Bill Cunningham New York

As the 12th film to look forward to in 2012, Bill Cunningham New York was under enormous pressure to not be shitbags and make me look like a complete dumbass. For those uneducated/uninterested in fashion or fashion photography will assume this is of no interest to them (I'll take a bit of blame for that) but amazingly little of this 2010 documentary is about skinny chicks in expensive clothes. As an innovator of street style photography, Bill Cunningham doesn't click away on the streets of NYC looking for trends or to indulge in the banal and frequent "Who wore what?" cult of celebrity; he simply pays attention to clothes that interest him and nothing more. If anything, the film is more about the renovation of New York, one man's commitment and passion for his job and how to not be blinded by the bullshit of the fashion industry.

Indeed, Cunningham himself is a silver-haired 80-something who still uses an old camera and is happy in simple slacks and a blue raincoat. He sticks out like a sore thumb at fashion shows and at one particular standout moment in the film, some bitchy girl with a clipboard at Paris Fashion Week ignores the repeated flashes of his press pass before a man enters the frame and ushers through "the most important man alive". Testy street kids unaware of his legend and influence threaten him when he takes their picture and he simply responds with a giggle before hopping back on his 1970s bicycle. Everyone went batshit crazy for Grace Coddington after she wistfully gazed upon the Parisian streets from her cab window and reminisced about a time when fashion photography wasn't pin-sharp and celebrities weren't the most important people in the industry, and Cunningham is cut from the same cloth; when the paps go crazy for Catherine Deneuve he's busy trying to snap some random girl's socks and is genuinely flabbergasted that anyone would be interested in taking her picture when there are so many other more interesting things around her.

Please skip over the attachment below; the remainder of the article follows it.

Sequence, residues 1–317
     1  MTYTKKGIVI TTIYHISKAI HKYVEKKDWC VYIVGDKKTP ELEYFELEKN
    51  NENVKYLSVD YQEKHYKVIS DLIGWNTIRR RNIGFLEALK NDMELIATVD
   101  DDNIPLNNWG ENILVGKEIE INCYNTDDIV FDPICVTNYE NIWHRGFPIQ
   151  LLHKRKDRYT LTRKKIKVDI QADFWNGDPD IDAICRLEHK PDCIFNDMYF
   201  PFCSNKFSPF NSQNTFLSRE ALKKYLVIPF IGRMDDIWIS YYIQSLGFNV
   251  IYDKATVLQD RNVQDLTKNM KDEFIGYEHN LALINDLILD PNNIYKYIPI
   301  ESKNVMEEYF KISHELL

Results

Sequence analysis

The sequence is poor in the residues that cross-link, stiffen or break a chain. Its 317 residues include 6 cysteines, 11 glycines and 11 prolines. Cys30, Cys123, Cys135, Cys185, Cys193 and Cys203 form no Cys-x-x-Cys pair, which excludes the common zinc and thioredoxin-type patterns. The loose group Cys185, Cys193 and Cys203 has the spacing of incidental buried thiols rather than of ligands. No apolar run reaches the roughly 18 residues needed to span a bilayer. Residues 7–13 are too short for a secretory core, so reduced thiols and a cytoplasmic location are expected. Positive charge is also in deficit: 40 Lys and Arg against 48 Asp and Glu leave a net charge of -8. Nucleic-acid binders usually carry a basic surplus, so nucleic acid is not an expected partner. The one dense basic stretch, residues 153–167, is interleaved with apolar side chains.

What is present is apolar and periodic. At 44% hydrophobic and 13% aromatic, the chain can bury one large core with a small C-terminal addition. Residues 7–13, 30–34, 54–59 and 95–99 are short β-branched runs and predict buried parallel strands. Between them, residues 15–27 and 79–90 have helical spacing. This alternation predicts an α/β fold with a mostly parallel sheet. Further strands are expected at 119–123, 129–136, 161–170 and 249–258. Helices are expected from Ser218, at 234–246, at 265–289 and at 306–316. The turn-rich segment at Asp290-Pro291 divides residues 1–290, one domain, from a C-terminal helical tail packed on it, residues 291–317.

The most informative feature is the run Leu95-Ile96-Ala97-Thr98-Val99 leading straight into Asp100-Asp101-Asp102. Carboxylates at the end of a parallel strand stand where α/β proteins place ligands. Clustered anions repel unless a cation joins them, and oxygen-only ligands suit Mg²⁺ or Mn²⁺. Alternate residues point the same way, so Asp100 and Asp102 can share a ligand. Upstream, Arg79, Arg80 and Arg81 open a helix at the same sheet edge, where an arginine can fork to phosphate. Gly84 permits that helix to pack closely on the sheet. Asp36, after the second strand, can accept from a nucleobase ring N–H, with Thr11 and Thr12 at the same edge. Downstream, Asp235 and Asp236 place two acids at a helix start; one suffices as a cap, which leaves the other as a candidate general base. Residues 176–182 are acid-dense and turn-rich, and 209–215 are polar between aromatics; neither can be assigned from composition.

As a film, Richard Press aptly follows his subject and tries his best to delve into the man behind the camera but apart from a slightly awkward moment in which Cunningham pauses after being asked about religion and sexuality, he and his contemporaries only need a camera pointed at them in order to entertain. Watching this will make you re-assess your interest in fashion (even if you think that's an area from which you are exempt) and give Cunningham a ruddy good hug.